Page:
The signatories of this statement have picked a recent event to honor a symbolic day in the memory of Mothers in Prison. This is the day when Narges Mohammadi, the human rights and women’s rights activist and a current prisoner in the women’s section of the Evin prison, sent her children to another country because she knew that, with her in jail, her children are to be without parents. This is why she sent them to a faraway land to live with their father who had had to leave the country two years before due to security pressures. It was two years ago, on July 17, when Narges Mohammadi bid her children goodbye.
From that day on, she regularly writers her “Letters from the Heart of a Mother” in which she protests the infringement on her rights and that of other mothers and speaks of the common suffering faced by mothers in prison, irrespective of the reason they are in prison for. In her “Letters”, she has described what she has faced as a mother in prison. We believe that such a day can be a basis to focus on an aspect of the conditions faced by mothers in prison that had remained unwritten before. With her “Letters from the Heart”, Narges Mohammadi has exposed a secret that lay heavy in the heart of many mothers for years.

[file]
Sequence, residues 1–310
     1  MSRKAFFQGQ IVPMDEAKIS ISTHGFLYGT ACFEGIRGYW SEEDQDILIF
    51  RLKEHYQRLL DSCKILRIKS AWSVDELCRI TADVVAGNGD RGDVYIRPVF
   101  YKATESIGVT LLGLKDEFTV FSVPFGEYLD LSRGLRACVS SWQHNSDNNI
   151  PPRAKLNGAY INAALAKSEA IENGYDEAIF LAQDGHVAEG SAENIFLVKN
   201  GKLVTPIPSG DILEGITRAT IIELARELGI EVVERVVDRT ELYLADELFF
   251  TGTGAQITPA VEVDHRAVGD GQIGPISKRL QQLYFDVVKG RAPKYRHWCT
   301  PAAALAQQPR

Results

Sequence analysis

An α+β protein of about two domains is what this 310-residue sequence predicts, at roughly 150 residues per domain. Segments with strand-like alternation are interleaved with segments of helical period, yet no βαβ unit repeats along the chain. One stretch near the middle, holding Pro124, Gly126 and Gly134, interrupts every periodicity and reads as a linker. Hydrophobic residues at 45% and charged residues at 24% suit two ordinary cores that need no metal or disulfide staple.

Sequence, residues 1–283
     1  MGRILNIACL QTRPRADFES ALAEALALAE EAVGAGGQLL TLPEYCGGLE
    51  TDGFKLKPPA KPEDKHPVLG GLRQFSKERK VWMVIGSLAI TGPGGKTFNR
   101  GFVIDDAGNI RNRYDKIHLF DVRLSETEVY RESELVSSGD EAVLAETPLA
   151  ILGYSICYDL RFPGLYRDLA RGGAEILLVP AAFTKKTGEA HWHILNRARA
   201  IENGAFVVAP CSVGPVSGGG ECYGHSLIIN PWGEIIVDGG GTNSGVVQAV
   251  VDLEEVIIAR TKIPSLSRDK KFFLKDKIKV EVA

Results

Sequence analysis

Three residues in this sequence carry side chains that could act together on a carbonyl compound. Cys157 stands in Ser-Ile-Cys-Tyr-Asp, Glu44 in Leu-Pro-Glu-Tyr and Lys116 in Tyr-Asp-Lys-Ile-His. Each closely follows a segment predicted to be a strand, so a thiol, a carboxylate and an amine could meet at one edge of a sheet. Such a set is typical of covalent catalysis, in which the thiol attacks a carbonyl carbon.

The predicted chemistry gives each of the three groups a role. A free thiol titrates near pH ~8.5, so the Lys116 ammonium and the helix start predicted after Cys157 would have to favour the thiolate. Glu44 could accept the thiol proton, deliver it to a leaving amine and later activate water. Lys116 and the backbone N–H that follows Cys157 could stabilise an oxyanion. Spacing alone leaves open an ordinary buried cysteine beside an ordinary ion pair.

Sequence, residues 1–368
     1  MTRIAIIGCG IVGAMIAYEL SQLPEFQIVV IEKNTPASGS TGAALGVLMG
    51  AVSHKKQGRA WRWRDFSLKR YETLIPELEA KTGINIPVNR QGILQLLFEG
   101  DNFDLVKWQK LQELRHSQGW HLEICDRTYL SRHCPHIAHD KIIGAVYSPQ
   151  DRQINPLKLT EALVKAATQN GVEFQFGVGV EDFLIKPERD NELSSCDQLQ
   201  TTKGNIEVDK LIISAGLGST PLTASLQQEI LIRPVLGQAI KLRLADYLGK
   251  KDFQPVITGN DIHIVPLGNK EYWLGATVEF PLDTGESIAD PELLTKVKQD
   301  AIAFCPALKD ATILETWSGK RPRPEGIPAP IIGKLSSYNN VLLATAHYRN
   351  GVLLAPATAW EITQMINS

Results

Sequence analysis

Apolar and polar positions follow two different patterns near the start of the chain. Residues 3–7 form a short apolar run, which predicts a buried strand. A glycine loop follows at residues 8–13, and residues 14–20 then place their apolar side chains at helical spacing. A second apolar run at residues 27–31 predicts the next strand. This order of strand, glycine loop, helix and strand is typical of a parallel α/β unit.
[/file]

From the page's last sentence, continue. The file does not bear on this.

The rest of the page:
We, with proposing the naming of a day as the Day of Mothers in Prison, ask you to join us, to register this day in your calendar and to, at least once a year on this day, remember mothers imprisoned throughout history by acting for mothers in prison today. We hope to reach the recognition of the heavy responsibility faced by mothers who are political and conscience prisoners, reduce the stigma that society and the legal system imposes on mothers in prison, and ultimately safeguard the rights of mothers in prison to have access to their children.
Feb 12, 2018 Comments Off on Iranian intellectuals call for a UN sponsored referendum to choose a new system of governance
Jan 12, 2018 Comments Off on FOUR NOBEL PEACE LAUREATES URGE IRAN TO RESPECT THE RIGHTS OF PROTESTERS